On February 2, 2018, the State Department’s Directorate of Defense Trade Controls (“DDTC”) announced via web notice a significant change in its export policy vis-à-vis South Sudan. Per Section 38(a) of the Arms Export Control Act (“AECA”) (22 U.S.C. 2778), the DDTC has added South Sudan to its list of proscribed countries in Section 126.1 of the International Traffic in Arms Regulations (“ITAR”) (22 CFR Parts 120 – 130). Accordingly, the DDTC will begin denying, with limited exceptions, licenses or other approvals for the export of defense articles and services controlled under the International Traffic in Arms Regulations (“ITAR”) to South Sudan. The new policy took immediate effect on February 2nd. See https://www.pmddtc.state.gov/index.html.
By way of background, the ITAR and the AECA control trade in defense articles and services. A defense article is any hardware (i.e., finished items, systems, equipment, parts, components, accessories, attachments and in certain cases tooling, production and testing equipment) and technical data (which includes software) that is designated on the U.S. Munitions List in Section 121.1 of the ITAR. The provision of services related to a defense article, such as providing training or technical assistance, is also controlled under the ITAR.
All of the so-called “proscribed countries” are identified in Section 126.1 of the ITAR and are sanctioned as a result of U.S. or United Nations arms embargoes. Other ITAR proscribed countries currently include Afghanistan, Belarus, Burma (Myanmar), Central African Republic, China, Cuba, Cyprus, Democratic Republic of the Congo, Eritrea, Haiti, Iran, Iraq, Lebanon, Libya, North Korea, Somalia, Sudan, Syria, Venezuela, and Zimbabwe.
Because South Sudan is now an ITAR proscribed country, U.S. persons are, without DDTC authorization, prohibited from–
- Selling, exporting, transferring, reexporting or retransferring defense articles (directly or indirectly) to South Sudan;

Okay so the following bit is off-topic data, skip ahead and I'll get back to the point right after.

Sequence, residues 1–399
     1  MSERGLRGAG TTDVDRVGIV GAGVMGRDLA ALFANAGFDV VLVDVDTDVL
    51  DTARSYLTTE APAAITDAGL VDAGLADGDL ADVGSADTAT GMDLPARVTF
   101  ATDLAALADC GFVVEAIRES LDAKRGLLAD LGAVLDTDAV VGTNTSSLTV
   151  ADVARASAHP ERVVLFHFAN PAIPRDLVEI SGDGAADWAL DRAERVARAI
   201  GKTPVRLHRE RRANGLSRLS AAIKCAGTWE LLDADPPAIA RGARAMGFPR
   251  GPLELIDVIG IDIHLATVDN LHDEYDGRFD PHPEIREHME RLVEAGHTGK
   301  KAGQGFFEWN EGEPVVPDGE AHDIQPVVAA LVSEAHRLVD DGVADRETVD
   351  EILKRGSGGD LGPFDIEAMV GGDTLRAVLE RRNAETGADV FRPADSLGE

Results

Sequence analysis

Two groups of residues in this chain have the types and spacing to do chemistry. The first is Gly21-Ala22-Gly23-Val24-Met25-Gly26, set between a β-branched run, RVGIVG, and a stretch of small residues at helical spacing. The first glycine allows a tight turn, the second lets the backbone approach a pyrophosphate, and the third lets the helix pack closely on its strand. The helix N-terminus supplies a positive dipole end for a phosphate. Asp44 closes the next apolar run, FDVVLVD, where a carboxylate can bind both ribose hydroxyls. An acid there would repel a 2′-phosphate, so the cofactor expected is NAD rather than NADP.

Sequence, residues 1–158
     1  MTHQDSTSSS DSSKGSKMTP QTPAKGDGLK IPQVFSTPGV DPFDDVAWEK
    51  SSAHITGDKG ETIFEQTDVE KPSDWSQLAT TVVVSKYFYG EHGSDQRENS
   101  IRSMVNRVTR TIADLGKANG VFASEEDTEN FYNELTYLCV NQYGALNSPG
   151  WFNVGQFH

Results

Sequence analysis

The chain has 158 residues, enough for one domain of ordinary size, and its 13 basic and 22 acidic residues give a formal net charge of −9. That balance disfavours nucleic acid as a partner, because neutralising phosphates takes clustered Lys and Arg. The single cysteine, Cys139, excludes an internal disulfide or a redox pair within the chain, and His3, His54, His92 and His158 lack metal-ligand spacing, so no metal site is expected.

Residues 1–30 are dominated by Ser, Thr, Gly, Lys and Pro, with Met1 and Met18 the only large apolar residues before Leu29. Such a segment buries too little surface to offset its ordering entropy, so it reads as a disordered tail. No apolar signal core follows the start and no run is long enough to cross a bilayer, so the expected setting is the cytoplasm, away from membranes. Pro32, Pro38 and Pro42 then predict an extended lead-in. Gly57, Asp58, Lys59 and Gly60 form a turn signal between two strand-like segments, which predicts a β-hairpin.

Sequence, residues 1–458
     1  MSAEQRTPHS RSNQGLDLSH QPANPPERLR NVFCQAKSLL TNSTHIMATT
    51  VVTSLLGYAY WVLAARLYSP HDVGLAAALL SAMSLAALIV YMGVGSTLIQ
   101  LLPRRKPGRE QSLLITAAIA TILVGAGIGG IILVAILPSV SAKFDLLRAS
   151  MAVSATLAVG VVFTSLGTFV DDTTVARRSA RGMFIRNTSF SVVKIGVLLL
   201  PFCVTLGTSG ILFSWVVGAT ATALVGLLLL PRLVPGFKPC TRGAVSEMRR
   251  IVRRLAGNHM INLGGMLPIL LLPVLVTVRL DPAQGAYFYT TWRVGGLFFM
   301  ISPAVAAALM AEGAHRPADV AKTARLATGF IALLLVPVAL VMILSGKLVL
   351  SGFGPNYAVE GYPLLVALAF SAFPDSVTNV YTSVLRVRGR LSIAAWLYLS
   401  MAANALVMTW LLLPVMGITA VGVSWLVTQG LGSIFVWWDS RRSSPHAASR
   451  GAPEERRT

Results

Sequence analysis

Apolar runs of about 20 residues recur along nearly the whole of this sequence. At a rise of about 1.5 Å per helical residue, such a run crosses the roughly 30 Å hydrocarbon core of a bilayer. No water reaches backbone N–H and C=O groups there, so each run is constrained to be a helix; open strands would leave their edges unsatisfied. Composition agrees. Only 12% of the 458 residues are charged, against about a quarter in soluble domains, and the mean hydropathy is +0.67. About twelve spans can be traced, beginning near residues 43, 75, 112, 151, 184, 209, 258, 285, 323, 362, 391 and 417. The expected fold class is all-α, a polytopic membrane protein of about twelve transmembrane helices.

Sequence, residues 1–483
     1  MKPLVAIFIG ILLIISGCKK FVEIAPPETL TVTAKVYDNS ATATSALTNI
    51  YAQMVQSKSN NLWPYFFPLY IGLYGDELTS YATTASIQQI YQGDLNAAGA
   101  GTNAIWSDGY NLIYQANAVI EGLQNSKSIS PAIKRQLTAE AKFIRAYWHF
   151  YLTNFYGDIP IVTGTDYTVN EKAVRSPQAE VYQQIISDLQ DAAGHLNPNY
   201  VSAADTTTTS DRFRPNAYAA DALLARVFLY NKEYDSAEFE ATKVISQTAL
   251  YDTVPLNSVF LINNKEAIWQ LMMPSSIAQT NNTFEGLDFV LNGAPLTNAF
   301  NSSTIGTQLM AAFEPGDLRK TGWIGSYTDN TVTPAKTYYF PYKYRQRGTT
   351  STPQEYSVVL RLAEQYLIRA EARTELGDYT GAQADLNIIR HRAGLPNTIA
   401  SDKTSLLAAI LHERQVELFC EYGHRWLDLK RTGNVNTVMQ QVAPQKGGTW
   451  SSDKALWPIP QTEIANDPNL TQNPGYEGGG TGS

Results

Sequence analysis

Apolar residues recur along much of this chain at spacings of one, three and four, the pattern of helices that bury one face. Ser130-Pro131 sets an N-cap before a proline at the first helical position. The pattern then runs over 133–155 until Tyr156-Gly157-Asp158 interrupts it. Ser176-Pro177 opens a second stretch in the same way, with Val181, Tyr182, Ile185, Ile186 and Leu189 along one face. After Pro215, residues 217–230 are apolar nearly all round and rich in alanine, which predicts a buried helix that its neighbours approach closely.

- Providing defense services to or for the benefit of South Sudan;
- Submitting proposals or giving presentations for prospective transfers or sales of defense articles (or for the provision of defense services) involving South Sudan.
These prohibitions also apply where an embassy or consulate of South Sudan, wherever located, is involved. As noted above, it is now the DDTC’s formal policy to deny applications for authorizations to trade in defense articles or provide defense services to South Sudan.
There is also an affirmative requirement for U.S. persons to submit voluntary disclosures to the DDTC where they have actual knowledge or reason to know of a proposal, sale, export, reexport or transfer of defense articles or services involving South Sudan in violation of the ITAR. This is the only instance in the ITAR where the filing of a voluntary disclosure is mandatory.
The DDTC’s shift in export policy was in response to the worsening humanitarian crisis and increased violence in South Sudan. The State Department has determined that the government and armed opposition in South Sudan, despite signing the Agreement on the Cessation of Hostilities and ongoing efforts by the Intergovernmental Authority on Development (“IGAD”) to advance peace in December 2017, have continued the use of military force to seek political advantage. As a result of the ongoing conflict, the State Department reports that approximately 1.5 million people are on the brink of famine, 2.4 million people have fled to neighboring countries, and 1.9 million people are now internally displaced. There have also been many reports that the government of South Sudan is obstructing the UN peacekeeping efforts, and that foreign aid workers continue to be killed trying to help victims in the region. The State Department also reports that the United States is seeking support for a UN Security Council Resolution implementing a formal arms embargo on South Sudan. See https://www.state.gov/r/pa/prs/ps/2018/02/277849.htm.
If you have any questions relating proscribed countries, the ITAR, U.S. embargoes and economic sanctions programs generally, or other international trade issues, please contact Melissa Proctor at Miller Proctor Law PLLC (email@example.com).